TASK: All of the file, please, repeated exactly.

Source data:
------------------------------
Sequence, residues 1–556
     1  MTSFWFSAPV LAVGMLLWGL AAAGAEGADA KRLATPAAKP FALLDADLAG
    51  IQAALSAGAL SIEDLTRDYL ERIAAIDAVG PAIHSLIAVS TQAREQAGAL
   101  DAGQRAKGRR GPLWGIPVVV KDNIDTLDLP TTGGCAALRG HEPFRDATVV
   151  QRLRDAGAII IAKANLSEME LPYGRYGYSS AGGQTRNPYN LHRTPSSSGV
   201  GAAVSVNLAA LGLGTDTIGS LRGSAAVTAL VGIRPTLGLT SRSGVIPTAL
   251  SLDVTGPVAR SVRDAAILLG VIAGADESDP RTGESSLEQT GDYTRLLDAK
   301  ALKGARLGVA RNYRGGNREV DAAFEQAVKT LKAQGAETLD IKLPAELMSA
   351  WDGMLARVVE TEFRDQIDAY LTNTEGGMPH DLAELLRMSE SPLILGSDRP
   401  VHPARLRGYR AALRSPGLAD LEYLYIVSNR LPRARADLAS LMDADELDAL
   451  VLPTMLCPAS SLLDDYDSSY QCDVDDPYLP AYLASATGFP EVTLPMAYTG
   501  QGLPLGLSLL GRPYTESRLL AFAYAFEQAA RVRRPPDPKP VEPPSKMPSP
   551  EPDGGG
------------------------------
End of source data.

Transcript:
Sequence, residues 1–556
     1  MTSFWFSAPV LAVGMLLWGL AAAGAEGADA KRLATPAAKP FALLDADLAG
    51  IQAALSAGAL SIEDLTRDYL ERIAAIDAVG PAIHSLIAVS TQAREQAGAL
   101  DAGQRAKGRR GPLWGIPVVV KDNIDTLDLP TTGGCAALRG HEPFRDATVV
   151  QRLRDAGAII IAKANLSEME LPYGRYGYSS AGGQTRNPYN LHRTPSSSGV
   201  GAAVSVNLAA LGLGTDTIGS LRGSAAVTAL VGIRPTLGLT SRSGVIPTAL
   251  SLDVTGPVAR SVRDAAILLG VIAGADESDP RTGESSLEQT GDYTRLLDAK
   301  ALKGARLGVA RNYRGGNREV DAAFEQAVKT LKAQGAETLD IKLPAELMSA
   351  WDGMLARVVE TEFRDQIDAY LTNTEGGMPH DLAELLRMSE SPLILGSDRP
   401  VHPARLRGYR AALRSPGLAD LEYLYIVSNR LPRARADLAS LMDADELDAL
   451  VLPTMLCPAS SLLDDYDSSY QCDVDDPYLP AYLASATGFP EVTLPMAYTG
   501  QGLPLGLSLL GRPYTESRLL AFAYAFEQAA RVRRPPDPKP VEPPSKMPSP
   551  EPDGGG